A Common Language for Wine Descriptions Fosters Understanding


How many times have you read a wine description and thought to yourself, “What does that mean?”?  A string of fancy words, such as “Hint of cassis and lingonberry with after tones of bacon, espresso and tobacco box“ sounds impressive but does not convey much meaning to most people.  For this example, if you happen to have ever eaten a black currant (flavor of cassis) or a lingonberry, you might have an idea of the fruit flavors in the described wine, but it’s unlikely you’ve eaten black currents and lingonberries with bacon while simultaneously sipping an espresso and sniffing a box of cigars.

What are the characteristics of a good wine description?

A good wine description should include the following...

  • An overridding characteristic/first impression of the wine when tasted
  • Information regarding the color/visual appeal of the wine
  • The wine's aroma
  • The predominant fruit flavor of the wine
  • The wine's taste persistency (i.e., how long does the wine's fruit flavor linger in your mouth?)

Wine descriptions should be straightforward and consistent

A simple, common language for wine descriptions is needed.  Ideally, this language has a limited vocabulary of words whose meanings remain consistent from one description to the next. 

For example and as an analogy, consider the color of the sky.  On a beautiful sunny day, one could say, “The sky is a beautiful azure with the occasional white wisp of a vapor trail.”  However, without loss of pertinent information, one could simply say, “The sky is blue.”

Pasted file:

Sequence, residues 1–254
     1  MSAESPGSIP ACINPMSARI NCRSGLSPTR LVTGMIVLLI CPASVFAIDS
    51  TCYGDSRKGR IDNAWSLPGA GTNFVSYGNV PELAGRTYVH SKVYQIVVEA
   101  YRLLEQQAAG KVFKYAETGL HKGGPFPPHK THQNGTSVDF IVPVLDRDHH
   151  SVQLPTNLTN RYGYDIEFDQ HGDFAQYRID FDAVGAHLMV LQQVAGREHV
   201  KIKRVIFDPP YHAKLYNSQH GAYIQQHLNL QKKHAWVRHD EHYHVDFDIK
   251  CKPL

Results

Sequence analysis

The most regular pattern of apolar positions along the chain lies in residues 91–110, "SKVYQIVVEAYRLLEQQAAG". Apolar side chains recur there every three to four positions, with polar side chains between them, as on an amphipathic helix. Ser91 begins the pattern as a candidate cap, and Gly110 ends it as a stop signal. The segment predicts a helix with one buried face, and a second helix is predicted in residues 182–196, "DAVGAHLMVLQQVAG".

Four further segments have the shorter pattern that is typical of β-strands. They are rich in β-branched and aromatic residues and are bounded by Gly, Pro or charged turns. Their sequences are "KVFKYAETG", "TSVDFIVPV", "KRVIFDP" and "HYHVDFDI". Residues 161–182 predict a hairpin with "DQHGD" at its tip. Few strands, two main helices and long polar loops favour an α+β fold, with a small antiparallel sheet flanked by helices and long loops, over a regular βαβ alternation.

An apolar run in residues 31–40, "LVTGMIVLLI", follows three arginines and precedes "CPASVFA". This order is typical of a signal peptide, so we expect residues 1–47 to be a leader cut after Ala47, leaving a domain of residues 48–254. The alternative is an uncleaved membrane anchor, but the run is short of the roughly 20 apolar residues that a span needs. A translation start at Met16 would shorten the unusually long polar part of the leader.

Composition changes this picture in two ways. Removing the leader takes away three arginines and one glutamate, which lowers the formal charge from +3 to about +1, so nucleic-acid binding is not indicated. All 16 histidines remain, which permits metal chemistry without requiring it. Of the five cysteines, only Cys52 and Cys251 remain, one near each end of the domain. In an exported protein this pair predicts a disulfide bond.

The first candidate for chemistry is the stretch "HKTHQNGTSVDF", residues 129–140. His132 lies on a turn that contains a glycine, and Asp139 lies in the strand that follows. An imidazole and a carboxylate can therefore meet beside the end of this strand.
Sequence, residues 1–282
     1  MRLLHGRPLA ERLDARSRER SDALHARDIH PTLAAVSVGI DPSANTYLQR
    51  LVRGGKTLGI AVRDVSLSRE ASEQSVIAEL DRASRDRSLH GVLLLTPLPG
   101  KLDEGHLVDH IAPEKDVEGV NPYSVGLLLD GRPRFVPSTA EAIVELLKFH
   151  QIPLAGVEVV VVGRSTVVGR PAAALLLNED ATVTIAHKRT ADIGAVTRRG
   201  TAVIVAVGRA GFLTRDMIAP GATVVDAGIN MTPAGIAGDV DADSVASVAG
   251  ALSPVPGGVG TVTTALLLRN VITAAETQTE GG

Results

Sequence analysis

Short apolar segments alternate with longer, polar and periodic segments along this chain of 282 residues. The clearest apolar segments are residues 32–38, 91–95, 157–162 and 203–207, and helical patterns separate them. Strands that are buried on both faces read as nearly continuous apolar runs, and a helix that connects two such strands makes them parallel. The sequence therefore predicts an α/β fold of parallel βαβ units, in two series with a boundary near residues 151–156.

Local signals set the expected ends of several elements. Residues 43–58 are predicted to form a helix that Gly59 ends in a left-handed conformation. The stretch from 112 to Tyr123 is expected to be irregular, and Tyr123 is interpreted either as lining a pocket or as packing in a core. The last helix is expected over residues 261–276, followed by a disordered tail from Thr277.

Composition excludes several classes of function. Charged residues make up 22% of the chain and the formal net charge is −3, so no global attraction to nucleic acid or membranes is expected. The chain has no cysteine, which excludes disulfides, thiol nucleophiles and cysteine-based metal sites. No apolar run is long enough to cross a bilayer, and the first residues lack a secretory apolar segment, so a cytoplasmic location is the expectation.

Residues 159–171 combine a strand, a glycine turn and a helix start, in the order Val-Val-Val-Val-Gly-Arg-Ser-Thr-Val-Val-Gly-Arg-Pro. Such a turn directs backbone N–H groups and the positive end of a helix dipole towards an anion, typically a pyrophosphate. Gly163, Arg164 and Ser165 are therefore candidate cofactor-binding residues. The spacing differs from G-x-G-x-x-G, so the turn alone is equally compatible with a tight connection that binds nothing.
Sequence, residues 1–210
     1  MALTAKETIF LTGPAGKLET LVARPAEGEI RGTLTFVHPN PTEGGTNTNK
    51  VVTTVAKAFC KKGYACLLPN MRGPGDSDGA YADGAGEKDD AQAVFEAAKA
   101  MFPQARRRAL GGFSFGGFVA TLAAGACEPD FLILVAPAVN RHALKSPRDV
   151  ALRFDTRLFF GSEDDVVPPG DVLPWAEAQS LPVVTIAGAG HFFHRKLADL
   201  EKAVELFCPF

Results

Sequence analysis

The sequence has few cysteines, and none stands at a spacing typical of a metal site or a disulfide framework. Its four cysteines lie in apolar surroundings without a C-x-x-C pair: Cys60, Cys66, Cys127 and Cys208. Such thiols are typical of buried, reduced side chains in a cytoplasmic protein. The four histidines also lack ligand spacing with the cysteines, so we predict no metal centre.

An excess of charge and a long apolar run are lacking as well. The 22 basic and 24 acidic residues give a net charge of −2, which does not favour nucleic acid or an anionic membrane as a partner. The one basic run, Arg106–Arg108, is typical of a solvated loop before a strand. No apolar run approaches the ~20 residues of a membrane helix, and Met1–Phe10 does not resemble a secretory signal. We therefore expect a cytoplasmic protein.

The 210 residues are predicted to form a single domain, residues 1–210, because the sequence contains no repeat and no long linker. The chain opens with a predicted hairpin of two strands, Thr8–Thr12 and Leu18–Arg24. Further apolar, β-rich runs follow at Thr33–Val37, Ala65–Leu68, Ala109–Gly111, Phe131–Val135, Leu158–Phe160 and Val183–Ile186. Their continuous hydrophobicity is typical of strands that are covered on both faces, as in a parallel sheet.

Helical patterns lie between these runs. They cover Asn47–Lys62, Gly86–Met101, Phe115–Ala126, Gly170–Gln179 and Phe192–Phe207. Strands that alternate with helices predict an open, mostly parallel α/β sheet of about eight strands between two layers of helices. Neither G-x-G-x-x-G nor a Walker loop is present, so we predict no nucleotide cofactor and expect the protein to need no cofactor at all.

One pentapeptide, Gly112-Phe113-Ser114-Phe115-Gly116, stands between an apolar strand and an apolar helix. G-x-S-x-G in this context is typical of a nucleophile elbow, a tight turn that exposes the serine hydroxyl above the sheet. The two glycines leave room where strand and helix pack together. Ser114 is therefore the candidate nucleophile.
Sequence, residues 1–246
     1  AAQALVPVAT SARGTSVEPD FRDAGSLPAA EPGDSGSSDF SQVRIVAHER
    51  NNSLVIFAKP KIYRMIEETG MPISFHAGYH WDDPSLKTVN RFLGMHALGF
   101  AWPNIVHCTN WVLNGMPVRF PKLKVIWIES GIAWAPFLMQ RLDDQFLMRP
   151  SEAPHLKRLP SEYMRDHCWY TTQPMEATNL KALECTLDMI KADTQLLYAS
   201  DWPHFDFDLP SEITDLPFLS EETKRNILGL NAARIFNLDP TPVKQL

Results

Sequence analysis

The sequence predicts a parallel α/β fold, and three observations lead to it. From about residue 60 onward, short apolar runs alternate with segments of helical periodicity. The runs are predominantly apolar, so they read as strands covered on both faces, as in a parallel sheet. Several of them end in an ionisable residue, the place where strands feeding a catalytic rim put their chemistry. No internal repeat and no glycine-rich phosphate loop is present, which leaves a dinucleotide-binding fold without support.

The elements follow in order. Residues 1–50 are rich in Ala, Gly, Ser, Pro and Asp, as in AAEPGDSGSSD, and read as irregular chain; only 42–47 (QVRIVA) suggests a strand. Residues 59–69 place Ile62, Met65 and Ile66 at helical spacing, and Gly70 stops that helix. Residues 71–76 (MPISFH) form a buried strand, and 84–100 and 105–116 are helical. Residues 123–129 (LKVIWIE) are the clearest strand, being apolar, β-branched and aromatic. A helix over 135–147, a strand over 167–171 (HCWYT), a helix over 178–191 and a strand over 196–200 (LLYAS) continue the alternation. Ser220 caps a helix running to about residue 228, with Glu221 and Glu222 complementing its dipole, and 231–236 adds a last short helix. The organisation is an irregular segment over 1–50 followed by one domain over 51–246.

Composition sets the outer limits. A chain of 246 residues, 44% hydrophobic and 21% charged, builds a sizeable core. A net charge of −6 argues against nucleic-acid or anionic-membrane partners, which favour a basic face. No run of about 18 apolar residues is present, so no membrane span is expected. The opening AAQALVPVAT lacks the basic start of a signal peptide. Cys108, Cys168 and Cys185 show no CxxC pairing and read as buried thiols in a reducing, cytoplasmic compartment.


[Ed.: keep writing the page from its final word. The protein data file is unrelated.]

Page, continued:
Similarly, on a cloudy morning, one could say, “Strings of grey and white stratus engulf the atmosphere leaving transitory patches of blue.”  Or one could simply say, “Grey and white clouds crowd the morning sky.”

The venue for beautiful language is poetry, music and romance.  The language for understanding and communicating about everyday aspects of life, such as what we eat and drink, must be straight forward and consistent.

Wine descriptions should contain pertinent, easily understandable information

The value of a wine description is to provide enough information for you to make an informed choice.  Specifically, you want to know in simple, consistently used terms if the wine has a combination of visual appeal, aromas, flavors, persistency of taste and an overriding characteristic (such as “fruit forward”) you personally find appealing.  Any information beyond that is confusing and counterproductive.


Calldera wine description


Visual appeal is a consideration

As the saying goes, “We eat with our eyes first.”  This adage applies to drink as well.  The color of wine is an integral part of the consumption experience.  A light cherry colored wine may signify a perfect match to a light meal, whereas a deep purple colored wine may inspire you to curl up on the couch with a good book.

Perceptions of taste are best communicated with simple, consistent descriptors

The tastes we perceive with our mouths are quite limited – sweet, sour, bitter, salty and (some would argue) savory/umami.  Most of what we perceive as taste actually comes from our sense of smell.  When you sip from a glass of wine, you inhale the aromas in the wine.  Therefore, knowing what smells are present in a wine before you purchase it is helpful shopping information.